Theresa May is one of many MPs who are allowed to jump the queues to view the coffin. While hundreds of thousands of Brits are expected to queue for up to 30 hours, MPs and peers are allowed to walk in and have four extra passes to help friends and family avoid the wait. One Tory peer told The Times: “There is so much anger. It just shows the worst side of this place and is completely unfair and unjustified.”
Brits have erupted at the special treatment given to MPs.
Julie Newman, 56, told MailOnline: “It is an abuse of privilege. I don’t mind queuing, because everybody queues. But there is no excuse for queue-jumping, it’s not fair.”
While Dexter Bowls, 20, said: “For something like this, it is not fair. They’re not going to work at this time.”
Meanwhile police officers who will be aiding the biggest security operation for the state funeral on September 19 have not been granted special passes.
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A police source last night told the Daily Mail: “It’s disappointing but not surprising that MPs are able to jump the queue while the thousands of police officers working 12-hour days with cancelled holidays won’t get any opportunities to say goodbye.”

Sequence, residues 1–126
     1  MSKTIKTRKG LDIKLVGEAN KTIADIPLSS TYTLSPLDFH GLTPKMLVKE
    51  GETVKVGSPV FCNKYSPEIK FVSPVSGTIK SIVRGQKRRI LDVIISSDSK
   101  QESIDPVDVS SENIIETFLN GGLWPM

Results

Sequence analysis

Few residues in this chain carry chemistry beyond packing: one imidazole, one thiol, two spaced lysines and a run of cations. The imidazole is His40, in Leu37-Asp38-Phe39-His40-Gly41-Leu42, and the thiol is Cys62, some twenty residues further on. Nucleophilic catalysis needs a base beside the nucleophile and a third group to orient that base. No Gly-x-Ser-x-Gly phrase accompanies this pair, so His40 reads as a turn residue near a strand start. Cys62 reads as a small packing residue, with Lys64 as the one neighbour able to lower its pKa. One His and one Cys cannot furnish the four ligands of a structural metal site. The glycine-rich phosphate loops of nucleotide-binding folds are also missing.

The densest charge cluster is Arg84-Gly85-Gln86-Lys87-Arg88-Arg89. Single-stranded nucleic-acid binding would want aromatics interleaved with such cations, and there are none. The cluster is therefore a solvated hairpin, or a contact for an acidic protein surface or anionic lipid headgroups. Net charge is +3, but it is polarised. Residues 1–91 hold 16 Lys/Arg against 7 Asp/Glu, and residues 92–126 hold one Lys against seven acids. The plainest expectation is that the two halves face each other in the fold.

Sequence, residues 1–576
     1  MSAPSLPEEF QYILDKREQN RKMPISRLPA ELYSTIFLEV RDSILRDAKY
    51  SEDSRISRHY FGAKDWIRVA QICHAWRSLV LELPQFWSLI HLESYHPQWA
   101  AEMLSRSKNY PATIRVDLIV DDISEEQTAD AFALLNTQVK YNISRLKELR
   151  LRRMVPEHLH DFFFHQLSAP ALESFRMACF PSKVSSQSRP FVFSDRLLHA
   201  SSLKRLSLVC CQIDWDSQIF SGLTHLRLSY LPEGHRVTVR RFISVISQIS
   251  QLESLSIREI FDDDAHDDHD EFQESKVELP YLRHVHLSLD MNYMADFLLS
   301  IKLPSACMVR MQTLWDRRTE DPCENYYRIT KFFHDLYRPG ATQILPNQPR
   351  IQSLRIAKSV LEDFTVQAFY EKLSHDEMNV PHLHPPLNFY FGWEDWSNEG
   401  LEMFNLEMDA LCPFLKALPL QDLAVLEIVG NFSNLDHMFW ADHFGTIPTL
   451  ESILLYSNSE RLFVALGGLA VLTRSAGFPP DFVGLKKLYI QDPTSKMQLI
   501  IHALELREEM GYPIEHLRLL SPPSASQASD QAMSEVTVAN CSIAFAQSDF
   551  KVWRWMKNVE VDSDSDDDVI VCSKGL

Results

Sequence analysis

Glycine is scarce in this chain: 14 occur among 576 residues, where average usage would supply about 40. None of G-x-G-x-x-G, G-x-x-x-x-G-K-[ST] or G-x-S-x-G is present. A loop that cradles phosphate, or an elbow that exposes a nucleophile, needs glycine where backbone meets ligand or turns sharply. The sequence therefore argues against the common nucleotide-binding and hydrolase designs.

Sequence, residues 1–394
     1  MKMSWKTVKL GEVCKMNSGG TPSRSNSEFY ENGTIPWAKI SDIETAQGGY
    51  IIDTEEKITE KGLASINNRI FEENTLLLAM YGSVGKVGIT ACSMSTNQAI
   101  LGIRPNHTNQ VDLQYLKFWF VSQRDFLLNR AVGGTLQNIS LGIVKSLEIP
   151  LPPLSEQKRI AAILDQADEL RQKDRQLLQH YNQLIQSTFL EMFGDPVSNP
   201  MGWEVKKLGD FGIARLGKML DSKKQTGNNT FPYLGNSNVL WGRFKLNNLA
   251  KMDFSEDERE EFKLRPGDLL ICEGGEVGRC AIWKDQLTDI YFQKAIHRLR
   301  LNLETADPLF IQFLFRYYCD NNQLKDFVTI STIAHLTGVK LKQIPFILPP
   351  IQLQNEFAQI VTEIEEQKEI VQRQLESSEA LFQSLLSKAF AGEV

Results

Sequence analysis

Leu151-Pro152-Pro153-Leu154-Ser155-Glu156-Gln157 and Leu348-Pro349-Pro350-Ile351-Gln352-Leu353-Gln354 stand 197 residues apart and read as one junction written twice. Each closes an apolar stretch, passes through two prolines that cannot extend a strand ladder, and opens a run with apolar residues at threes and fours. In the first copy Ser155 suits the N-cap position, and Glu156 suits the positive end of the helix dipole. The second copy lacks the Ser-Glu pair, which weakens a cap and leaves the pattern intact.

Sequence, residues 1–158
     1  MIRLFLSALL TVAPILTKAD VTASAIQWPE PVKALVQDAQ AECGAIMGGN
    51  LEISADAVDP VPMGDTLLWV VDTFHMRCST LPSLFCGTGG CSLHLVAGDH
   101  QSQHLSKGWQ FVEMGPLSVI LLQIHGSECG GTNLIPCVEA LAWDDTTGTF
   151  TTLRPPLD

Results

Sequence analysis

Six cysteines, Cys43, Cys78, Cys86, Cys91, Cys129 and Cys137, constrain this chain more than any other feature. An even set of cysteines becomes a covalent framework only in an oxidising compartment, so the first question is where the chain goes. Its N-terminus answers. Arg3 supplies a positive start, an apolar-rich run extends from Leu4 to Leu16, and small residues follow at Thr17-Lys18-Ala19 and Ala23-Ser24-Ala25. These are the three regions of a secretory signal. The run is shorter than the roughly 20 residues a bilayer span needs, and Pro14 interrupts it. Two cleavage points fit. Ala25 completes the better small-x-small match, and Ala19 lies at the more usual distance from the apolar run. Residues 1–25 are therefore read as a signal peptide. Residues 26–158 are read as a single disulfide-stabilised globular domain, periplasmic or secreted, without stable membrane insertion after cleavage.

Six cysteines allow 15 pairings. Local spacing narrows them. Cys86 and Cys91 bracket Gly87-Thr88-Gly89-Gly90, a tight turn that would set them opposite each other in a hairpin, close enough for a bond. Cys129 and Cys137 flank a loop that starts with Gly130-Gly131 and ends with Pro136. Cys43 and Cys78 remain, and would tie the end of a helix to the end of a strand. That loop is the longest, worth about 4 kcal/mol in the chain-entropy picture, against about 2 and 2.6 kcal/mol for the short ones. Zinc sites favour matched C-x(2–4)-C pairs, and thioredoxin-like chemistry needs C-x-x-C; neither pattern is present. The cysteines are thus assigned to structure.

Many have queued overnight for the chance to file past the monarch’s coffin after it was handed to the care of the nation on Wednesday afternoon.
By 8am on Thursday, the queue was around 2.6 miles long and stretched to Borough Market.
The coffin, which sits on a catafalque and is draped with a Royal Standard, continues to be guarded at all hours by units from the Sovereign’s Bodyguard, the Household Division or Yeoman Warders of the Tower of London.
Some bowed, some curtsied and some simply took a moment to look at the extraordinary scene.
Former prime minister Theresa May and her husband Philip were among those paying their respects to the Queen at Westminster Hall.
Metropolitan Police officers, volunteers and stewards are managing the queue, with people waiting in line given a coloured and numbered wristband.
On Wednesday afternoon, the King led the royal family in a public display of homage by walking behind the Queen’s coffin during a procession from Buckingham Palace to Westminster Hall for the lying in state.